‘Maps for Lost Lovers’: Little Murder

SOURCE: The New York Times, May 22, 2005

FROM Adam on, exile has been man’s (and God’s) cruelest punishment. ”An exile’s life is no life,” lamented Leonidas, the ancient Greek poet. Dante, banished from Florence, described the pain in more concrete terms. ”You will leave everything you love most,” he warns in ”The Divine Comedy.” ”You will know how salty / another’s bread tastes.”

The characters in Nadeem Aslam’s powerful novel, ”Maps for Lost Lovers,” are well acquainted with such desolation. Migrants from Pakistan (like Aslam himself), they live in a cold and inhospitable English town they call Dasht-e-Tanhaii — the Desert of Loneliness. It’s a grim place, marred by racism and violence, where the grayness of the sky seems to have filtered into the inhabitants’ souls. ”We should never have come to this deplorable country,” someone complains early on, calling it a ”nest of devilry from where God has been exiled.”
Yet as lonely as these people are, they can’t complain, like Dante, of having left everything behind. This is an era of mass exile, and today’s migrants arrive not as individuals but as communities, armed with all the cultural and social paraphernalia of home. Indeed, although it’s in the English Midlands, the town in Aslam’s novel can resemble a transplanted Pakistani village, its language and customs and religion more or less intact. It is a place where ancestral feuds and gossip are carried over from the homeland, where the diktats of clerics supersede English common law and arranged marriages are the norm. The society at large is kept resolutely at bay: one character, Kaukab, has only three interactions with ”a white person” in a year; when she leaves home, she puts on her ”outdoor clothes” to minimize contact with ”a dirty country, an unsacred country full of people with disgusting habits and practices.”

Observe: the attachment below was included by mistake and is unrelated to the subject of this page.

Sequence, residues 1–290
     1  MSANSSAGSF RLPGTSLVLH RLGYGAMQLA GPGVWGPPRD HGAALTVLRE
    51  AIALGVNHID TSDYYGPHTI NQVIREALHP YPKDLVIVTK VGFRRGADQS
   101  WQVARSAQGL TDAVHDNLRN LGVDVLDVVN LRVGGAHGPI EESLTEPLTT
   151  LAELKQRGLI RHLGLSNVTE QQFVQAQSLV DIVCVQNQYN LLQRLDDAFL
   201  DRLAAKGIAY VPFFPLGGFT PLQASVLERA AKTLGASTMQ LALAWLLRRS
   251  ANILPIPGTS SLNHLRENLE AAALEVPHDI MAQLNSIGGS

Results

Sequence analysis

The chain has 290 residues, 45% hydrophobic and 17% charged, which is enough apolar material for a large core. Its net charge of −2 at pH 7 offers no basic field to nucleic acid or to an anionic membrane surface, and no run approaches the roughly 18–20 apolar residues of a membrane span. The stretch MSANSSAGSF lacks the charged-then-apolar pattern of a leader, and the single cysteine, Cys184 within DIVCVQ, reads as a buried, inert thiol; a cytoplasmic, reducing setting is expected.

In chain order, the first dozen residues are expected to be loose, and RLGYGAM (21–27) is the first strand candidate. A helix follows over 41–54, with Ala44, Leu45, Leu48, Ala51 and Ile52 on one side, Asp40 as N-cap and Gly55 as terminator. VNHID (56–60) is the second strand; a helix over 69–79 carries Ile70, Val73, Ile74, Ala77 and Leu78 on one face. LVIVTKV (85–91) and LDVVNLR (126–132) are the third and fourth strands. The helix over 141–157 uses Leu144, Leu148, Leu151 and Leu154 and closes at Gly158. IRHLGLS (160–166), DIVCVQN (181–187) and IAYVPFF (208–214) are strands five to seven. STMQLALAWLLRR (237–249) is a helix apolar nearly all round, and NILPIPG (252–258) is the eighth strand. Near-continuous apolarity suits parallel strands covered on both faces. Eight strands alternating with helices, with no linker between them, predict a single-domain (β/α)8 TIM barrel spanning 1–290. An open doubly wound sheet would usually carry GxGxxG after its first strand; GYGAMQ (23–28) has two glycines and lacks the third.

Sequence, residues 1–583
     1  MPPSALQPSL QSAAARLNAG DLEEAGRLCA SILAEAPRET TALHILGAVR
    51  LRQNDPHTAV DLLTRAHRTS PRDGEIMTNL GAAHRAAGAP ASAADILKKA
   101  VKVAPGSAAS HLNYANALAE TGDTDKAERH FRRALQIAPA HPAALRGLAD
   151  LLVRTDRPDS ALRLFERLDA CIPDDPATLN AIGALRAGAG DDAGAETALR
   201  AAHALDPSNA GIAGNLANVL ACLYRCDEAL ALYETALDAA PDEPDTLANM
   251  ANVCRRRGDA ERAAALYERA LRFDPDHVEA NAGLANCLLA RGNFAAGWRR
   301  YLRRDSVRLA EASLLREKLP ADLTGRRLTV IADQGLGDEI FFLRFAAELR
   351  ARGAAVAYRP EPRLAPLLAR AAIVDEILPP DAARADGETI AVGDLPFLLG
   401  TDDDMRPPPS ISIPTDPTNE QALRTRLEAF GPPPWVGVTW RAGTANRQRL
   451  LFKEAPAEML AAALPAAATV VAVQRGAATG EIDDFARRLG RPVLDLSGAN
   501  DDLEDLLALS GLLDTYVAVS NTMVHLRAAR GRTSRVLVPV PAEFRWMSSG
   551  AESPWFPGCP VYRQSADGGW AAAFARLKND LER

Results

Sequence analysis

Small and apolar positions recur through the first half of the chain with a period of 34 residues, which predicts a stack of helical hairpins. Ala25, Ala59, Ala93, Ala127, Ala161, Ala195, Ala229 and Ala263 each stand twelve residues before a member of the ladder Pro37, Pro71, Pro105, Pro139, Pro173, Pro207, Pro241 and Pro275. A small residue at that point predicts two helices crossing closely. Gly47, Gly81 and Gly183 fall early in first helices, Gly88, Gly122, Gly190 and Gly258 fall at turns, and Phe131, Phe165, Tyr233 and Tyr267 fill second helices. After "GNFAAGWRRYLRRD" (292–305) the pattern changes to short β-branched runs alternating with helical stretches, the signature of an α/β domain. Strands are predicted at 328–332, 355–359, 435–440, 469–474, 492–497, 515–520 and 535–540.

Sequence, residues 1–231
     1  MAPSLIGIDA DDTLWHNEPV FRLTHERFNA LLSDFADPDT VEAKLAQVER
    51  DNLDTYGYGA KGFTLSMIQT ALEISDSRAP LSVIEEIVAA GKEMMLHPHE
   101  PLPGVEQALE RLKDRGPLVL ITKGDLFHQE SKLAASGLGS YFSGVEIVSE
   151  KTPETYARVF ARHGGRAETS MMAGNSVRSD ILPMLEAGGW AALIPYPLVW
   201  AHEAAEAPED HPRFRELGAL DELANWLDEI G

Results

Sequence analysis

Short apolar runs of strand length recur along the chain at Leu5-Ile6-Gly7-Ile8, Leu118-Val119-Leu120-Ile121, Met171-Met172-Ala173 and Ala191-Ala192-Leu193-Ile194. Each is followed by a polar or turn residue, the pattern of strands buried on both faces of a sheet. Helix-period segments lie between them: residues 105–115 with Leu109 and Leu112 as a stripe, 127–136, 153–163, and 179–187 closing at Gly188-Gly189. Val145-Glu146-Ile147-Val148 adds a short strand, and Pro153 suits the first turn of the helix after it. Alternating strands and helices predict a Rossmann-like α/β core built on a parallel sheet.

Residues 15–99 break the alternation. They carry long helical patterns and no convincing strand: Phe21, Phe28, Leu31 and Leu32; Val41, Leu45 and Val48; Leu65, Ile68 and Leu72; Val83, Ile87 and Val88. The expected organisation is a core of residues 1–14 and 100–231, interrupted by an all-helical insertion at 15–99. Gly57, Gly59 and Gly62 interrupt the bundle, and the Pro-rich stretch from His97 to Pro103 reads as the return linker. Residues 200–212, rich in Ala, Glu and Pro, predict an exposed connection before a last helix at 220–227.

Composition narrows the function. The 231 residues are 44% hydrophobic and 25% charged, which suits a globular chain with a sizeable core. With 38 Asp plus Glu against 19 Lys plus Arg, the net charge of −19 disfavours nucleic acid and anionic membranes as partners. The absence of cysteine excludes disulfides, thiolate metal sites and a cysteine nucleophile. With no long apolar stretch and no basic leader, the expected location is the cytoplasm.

For Kaukab, as for the multitude of other characters in this intricately populated novel, the alienation of exile is felt as a longing not so much for the homeland as for a simpler, more general sense of human connection. Even within their cultural cocoon, the inhabitants of Dasht-e-Tanhaii are hopelessly estranged — husbands from wives, parents from children. Neighbors, quick to seize on the smallest transgressions of tradition, malign one another with cruel innuendo. While Aslam will inevitably be compared to Monica Ali and Hanif Kureishi, two other authors who have chronicled the lives of South Asian Muslims in England, the psychological and emotional core of his novel is closer to that of Golding’s ”Lord of the Flies.” In both novels, a tight-knit community is marooned in a distant corner of the world, caught in a spiral of violence and vindictiveness.